By Alex Perdikis
Who doesn’t love a classic car? For such a young technology, relatively speaking, automobiles sure have gotten a lot of love.
Then again, our way of life wouldn’t be the same if we didn’t have reliable personal transportation. To honor the classic vehicles of yore and the people behind them, car museums have sprung up across the country. Many of them are (lucky for us!) located on the East Coast.
If you’re touring the D.C. area and love car history, here are a few places you might want to check out. All the places listed here are within a four-hour drive of D.C.
Smithsonian Museum of American History
The Smithsonian Museum of American History has an ongoing exhibit called On The Move. The thousands of items in this collection tell the story of American transportation from 1876 to 2000. The exhibits talk about much more than cars. Ships, wagons, and trains are also part of the display. If you live in D.C. itself, this is a must-visit exhibit to get an overall history of American transportation before going to the specialized museums.
The Antique Automobile Club of America’s museum, a collector-oriented institution located in Hershey, PA, is a mecca for classic car lovers. Over 100 classic cars are on display at any one time in a rotating collection. There is also a Museum of Bus Transportation collection as well as 30 classic motorcycles. The collection is so prestigious that the Smithsonian designates the AACA Museum an affiliate, which is a rare honor. It’s also considered one of the top automobile museums in the world. It’s a definite must-visit.
Some of their permanent displays include one on Tucker automobiles, an exhibit on Route 66, and classic cars from every decade of American automobile manufacturing.
The Swigart Museum in Huntingdon, PA is another classic car museum with around 150 cars in its collection, some of them one-of-a-kind. But its big draw is its collection of automobile memorabilia. This museum has the largest collection of license plates and radiator emblem collections in the world. Lights, horns, car toys, and lots of other memorabilia are available to view or to purchase. While it’s not as large as the previous two museums, it is certainly worth a visit for die-hard car lovers.
Bear in mind that the Swigart is only open from Memorial Day to Halloween each year. Consider going to the 47th Annual Swigart Meet in August for a good excuse to go see the collection.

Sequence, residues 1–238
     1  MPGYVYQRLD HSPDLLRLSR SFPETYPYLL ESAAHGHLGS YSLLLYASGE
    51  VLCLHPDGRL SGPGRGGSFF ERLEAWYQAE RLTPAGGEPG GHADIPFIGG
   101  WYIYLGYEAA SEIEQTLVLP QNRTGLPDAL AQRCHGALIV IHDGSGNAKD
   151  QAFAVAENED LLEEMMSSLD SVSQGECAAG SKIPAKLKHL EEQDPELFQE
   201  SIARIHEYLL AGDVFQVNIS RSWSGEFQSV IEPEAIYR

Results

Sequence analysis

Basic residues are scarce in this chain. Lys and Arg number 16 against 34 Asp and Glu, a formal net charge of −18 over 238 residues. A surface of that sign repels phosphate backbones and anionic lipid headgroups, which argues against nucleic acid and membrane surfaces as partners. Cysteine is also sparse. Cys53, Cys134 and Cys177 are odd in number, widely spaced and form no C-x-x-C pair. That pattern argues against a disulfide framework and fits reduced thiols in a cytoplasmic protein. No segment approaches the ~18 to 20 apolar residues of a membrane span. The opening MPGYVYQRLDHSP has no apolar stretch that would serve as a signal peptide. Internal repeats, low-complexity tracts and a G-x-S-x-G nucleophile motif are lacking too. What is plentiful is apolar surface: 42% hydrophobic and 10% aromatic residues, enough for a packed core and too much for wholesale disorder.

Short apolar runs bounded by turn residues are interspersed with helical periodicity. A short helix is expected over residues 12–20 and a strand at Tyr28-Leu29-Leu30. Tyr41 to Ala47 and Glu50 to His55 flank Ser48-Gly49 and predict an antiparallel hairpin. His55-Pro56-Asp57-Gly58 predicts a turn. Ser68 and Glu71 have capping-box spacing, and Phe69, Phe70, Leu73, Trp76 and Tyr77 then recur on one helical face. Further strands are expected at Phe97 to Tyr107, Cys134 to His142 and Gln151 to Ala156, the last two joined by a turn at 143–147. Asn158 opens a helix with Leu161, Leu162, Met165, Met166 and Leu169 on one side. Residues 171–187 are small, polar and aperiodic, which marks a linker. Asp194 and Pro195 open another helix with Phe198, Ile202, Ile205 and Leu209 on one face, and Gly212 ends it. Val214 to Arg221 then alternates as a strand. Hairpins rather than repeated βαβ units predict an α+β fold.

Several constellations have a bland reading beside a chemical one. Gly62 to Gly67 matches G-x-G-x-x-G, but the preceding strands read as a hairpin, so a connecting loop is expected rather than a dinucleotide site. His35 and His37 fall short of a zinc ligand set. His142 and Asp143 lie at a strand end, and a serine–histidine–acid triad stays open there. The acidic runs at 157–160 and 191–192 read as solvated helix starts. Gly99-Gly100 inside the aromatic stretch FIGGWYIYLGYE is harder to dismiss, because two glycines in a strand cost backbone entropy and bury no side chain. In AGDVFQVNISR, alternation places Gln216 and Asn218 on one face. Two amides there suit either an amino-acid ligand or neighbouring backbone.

Hagley Museum and Library
The Hagley Museum and Library is another Smithsonian affiliate located in Wilmington, Delaware at the site of the gunpowder works of E. I. du Pont. The overall theme of the museum is the history of technology and business, and how society was affected by the rapid developments of the 19th and 20th centuries. This is a great time to visit because they have an exhibit on automobile history until January 2017. The exhibit is called “Driving Desire: Automobile Advertising and the American Dream.” For car buffs, the marketing for historic vehicles can be just as memorable as the cars themselves. Who can forget which car has rich Corinthian leather? And if you’re a researcher with an interest in automobile technology, you simply must make an appointment to visit the library. They have an online catalog so you can see the collection before you make your visit.
Virginia Museum of Transportation
The Virginia Museum of Transportation is more known for its rail exhibits than its cars, but it’s still a great spot for car buffs. Cars, after all, replaced trains as the main mode of cross-country transit. This is one of the best places to see that transition. Their car collections include an extensive collection of cars from nearly every decade of the 20th century, a selection of commuter buses from Greyhound, Trailways, and Virginia transit companies, and a special exhibit on NASCAR driver Curtis Turner.
Each of these fine museums is worth your time to visit if you live in the D.C. area and you want to know more about the history of automobile transportation in America. Plan your trip today or learn more about each museum by clicking on the links.